PART FOUR: CHASUBLES OF THE 17TH CENTURY
|Figure 1. Simply-decorated chasuble |
made by the Saint Bede Studio in
the style of Saint Philip Neri.
This post concerns the style of chasuble found in the sixteenth and seventeenth centuries and in particular that form which has been associated through art with Saint Philip Neri. From the earliest years of the Church until about the sixteenth century, the conical or bell-shaped chasuble had been the norm for the ministers at the altar. In the thirteenth century, as described in part two of this series, the shape of that chasuble was slightly modified for the greater convenience of the wearer.
As has been written about in Part Three of this series, Saint Charles Borromeo prescribed dimensions he believed to be the minimum in order for a chasuble to conform to Tradition. He prescribed that the chasuble was to be very long, reaching at the back almost to the heels of the wearer and wide enough so that it reached to at least half way between the elbow and the wrist.
|Figure 2. Well-known seventeenth century painting |
of Saint Philip Neri.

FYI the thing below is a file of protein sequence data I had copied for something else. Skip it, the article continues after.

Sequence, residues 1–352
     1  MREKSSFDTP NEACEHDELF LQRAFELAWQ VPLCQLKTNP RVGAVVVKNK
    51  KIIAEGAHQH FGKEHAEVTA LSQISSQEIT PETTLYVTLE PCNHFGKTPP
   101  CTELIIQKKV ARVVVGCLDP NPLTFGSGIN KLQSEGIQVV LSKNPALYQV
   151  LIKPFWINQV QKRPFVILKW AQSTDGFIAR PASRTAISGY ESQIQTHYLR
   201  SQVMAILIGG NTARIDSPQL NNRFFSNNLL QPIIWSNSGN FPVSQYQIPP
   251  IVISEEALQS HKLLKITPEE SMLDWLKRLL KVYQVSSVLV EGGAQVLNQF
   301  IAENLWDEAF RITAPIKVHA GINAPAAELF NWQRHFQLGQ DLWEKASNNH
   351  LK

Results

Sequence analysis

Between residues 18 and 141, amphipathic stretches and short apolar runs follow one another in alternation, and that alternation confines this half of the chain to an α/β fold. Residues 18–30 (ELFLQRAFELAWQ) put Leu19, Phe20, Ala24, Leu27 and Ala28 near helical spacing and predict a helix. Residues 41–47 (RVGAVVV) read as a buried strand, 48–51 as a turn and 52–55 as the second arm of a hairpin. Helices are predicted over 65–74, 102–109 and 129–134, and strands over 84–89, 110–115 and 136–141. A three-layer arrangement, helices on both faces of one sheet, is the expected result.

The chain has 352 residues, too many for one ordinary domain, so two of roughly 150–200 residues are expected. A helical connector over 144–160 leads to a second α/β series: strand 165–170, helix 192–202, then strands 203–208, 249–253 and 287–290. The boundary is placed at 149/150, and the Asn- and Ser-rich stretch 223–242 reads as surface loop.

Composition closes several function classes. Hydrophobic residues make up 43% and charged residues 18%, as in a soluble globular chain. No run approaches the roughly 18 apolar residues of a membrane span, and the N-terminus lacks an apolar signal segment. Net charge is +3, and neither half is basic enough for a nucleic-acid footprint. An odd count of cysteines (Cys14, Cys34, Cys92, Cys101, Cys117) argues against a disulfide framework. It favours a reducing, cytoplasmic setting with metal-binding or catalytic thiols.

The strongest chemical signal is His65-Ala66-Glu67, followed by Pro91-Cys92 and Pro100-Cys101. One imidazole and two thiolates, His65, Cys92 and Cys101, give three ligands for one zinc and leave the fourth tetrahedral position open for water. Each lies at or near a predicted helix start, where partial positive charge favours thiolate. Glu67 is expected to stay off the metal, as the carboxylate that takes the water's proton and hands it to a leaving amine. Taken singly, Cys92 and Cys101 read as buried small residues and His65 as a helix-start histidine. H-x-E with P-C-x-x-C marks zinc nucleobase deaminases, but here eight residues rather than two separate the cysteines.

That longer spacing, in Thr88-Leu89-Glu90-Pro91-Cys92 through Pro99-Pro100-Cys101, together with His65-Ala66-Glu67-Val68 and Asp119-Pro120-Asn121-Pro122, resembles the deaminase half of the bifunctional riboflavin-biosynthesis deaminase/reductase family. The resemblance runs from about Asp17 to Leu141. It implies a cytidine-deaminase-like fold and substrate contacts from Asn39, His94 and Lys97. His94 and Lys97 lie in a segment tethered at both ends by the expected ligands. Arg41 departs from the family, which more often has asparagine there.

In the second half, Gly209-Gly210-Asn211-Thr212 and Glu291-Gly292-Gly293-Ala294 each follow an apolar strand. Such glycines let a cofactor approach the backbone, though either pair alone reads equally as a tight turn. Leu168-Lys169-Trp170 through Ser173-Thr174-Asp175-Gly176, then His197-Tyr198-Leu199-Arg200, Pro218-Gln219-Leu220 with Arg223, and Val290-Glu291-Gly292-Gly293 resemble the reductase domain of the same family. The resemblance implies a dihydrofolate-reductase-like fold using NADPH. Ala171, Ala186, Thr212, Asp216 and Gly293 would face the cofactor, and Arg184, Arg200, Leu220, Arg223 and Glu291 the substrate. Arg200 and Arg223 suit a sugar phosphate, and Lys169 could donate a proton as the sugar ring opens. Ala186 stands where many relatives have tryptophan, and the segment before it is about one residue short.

|Figure 3. Carving on the door of a Roman |
basilica shewing Saint Vitalis vested
in a chasuble of the 17th century form.
Image: Orbis Catholicus Secundus.
Presently, there is a revived interest in the Saint Philip Neri form of chasuble. The Saint Bede Studio regularly receives enquiries about such chasubles which seem to appeal because they are very Roman in character, based in Tradition, but yet not in the exaggerated form of the eighteenth century. Another reason, of course, is that they are very convenient to wear. Priests comment that they find this form of chasuble most suitable for the celebration of the Mass according to the Ordinary and Extraordinary usages.
|Figure 4. 1628 painting by Francisco Herrera the Elder of |
Saint Bonaventure receiving Holy Communion
from an Angel: the priest vested in a chasuble of
the Saint Philip Neri form.
Click on the images for an enlarged view.